As media interest in the allegations against Prince Andrew intensifies, Buckingham Palace finally took action today by enacting mild disciplinary measures against the accused sexual predator.
According to an announcement issued on Thursday the youngest son of Queen Elizabeth has been stripped of his military titles and charities.
The news is being interpreted as an indication that the Queen and family will no support or defend Andrew as Virginia Giuffre's civil case against him goes to trial.
Giuffre alleges that she was forced into sex slavery by the infamous predator Jeffrey Epstein and forced to have intercourse with Andrew when she was just 17.
"With The Queen's approval and agreement, the Duke of York's military affiliations and Royal patronages have been returned to The Queen," today's statement reads.
"The Duke of York will continue not to undertake any public duties and is defending this case as a private citizen."
The statement goes on to clarify that Andrew will not have his titles returned to him, no matter the outcome of the trial.
"All of the Duke's roles have been handed back to the Queen with immediate effect for redistribution to other members of the Royal Family," says a palace spokesperson.
"For clarity, they will not return to The Duke of York."
While this may seem like a half-measure -- Andrew is still a prince, after all, and no one in his family has come out to condemn his actions -- it's significant in that it's the first indication the royals have given that they believe Andrew is not 100 percent innocent.
It's also the latest in a long line of setbacks for Andrew.
On Wednesday, a judge denied Andrew's request to throw Giuffre's case out of court on a series of technicalities.
“Ms. Giuffre’s complaint is neither ‘unintelligible’ nor ‘vague’ nor ‘ambiguous,’” said Judge Lewis Kaplan, throwing Andrew's attorneys own words back at them.
The judge also ruled that a 2009 settlement, in which Epstein paid Giuffre $500,000 to drop the charges against him, could not be used to protect Andrew from legal action.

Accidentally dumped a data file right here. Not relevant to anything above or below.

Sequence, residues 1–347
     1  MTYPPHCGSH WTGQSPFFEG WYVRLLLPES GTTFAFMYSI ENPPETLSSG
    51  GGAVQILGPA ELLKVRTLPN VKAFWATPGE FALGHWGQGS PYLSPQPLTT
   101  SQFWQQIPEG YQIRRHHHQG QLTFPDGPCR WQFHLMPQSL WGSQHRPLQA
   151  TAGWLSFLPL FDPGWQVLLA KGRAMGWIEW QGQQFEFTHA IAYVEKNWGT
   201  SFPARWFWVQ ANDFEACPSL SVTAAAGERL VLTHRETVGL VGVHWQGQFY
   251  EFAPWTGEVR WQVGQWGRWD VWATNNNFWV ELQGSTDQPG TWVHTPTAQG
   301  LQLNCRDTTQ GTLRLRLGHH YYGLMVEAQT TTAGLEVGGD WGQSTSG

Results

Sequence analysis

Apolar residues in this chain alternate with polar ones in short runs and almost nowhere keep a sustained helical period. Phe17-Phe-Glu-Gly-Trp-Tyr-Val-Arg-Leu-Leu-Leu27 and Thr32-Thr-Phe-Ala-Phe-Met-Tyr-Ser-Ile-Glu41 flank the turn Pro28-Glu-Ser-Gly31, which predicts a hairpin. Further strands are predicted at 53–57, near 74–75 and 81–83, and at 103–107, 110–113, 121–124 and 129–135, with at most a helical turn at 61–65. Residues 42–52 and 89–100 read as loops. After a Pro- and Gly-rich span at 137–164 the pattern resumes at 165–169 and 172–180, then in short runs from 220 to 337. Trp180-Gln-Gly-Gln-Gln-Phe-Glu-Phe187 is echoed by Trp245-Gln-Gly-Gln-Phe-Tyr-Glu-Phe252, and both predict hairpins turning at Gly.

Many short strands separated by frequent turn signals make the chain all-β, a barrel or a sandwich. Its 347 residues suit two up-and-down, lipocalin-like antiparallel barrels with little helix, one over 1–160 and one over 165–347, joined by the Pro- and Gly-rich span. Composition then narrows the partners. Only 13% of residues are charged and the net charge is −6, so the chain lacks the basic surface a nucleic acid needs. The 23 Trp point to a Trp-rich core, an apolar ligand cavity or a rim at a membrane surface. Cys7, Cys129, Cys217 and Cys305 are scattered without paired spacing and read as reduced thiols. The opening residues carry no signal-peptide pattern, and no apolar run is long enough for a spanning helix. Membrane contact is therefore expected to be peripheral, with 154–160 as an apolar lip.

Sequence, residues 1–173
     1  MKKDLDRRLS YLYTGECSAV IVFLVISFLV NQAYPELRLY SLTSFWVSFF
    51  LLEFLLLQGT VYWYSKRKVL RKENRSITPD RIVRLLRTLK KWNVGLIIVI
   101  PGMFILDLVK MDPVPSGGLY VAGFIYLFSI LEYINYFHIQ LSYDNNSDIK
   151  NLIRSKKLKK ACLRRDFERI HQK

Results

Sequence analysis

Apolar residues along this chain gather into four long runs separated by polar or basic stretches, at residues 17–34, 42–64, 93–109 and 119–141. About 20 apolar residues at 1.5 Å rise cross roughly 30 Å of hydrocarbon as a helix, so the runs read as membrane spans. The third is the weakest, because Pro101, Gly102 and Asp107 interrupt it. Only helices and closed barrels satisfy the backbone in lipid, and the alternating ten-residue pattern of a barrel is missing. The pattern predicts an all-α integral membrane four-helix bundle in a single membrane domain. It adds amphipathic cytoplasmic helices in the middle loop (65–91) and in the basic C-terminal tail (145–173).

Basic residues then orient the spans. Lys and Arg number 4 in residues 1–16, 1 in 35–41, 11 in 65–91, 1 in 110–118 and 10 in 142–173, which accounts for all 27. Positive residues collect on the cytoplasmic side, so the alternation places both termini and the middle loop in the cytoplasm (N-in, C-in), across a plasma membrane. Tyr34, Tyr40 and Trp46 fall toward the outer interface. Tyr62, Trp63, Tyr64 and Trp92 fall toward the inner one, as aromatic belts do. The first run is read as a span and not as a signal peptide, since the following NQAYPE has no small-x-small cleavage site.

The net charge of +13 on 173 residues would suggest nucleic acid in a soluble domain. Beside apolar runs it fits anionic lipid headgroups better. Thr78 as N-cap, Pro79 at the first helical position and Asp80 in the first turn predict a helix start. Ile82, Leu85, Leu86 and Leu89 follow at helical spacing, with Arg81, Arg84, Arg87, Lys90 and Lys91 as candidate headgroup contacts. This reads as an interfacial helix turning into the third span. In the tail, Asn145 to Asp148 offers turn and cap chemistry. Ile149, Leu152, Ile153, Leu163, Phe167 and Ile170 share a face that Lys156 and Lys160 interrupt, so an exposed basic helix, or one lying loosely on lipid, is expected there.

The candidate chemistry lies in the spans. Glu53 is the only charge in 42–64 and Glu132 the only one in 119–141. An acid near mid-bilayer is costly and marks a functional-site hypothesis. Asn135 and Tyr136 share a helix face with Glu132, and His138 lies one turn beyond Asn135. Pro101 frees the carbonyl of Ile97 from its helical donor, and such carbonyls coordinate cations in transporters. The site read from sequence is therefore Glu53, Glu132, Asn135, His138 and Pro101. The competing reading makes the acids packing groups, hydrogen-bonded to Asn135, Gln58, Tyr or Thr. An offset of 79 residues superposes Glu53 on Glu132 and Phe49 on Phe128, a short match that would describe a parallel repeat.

Andrew has been served with a subpoena, but it remains unclear if he'll show up in court.
There's no extradition for civil suits, so it's possible that he'll simply remain in the UK and allow the case to be decided in his absence.
The best way for him to avoid additional negative press would be to offer a cash settlement, but as The Daily Beast points out, Andrew might not be in a position to do so.
While the exact state of his finances is uncertain, it's clear that he's less well-off than most members of his wealthy family.
As a wedding present from his mother, Andrew was given a palace, Sunninghill Park, which he proceeded to sell to a Kazakh billionaire in a highly suspicious deal.
The money from that sale is believed to have gone toward the purchase of a $22 million Swiss ski chalet, which Andrew is now in talks to sell, reportedly for a fraction of the original price.
Insiders say Andrew and ex-wife Sarah Ferguson have only about $4 million equity in the property.
If he's unable to settle, Andrew will be forced to either fight the case or refuse to participate in any way, which would result in a default judgment.
Default judgments against non-US citizens are notoriously difficult to collect, but this option would be devastating to Andrew's reputation and future prospects.
“I just don’t think he will do that. The consequences would be just too severe," says a source close to Giuffre.
"Can you imagine a situation where the king’s brother is a debt fugitive? He would never be able to own anything again for the rest of his life," the insider adds.
"If there is a trial, and he loses, and whatever amount the judge awards–maybe it gets paid and maybe it doesn’t—at least it is over with, it is behind them. If he defaults it goes on forever.”
Whatever the case, Andrew's outlook is rather bleak indeed.
And it sounds as though his family is planning to continue distancing themselves from the royal black sheep.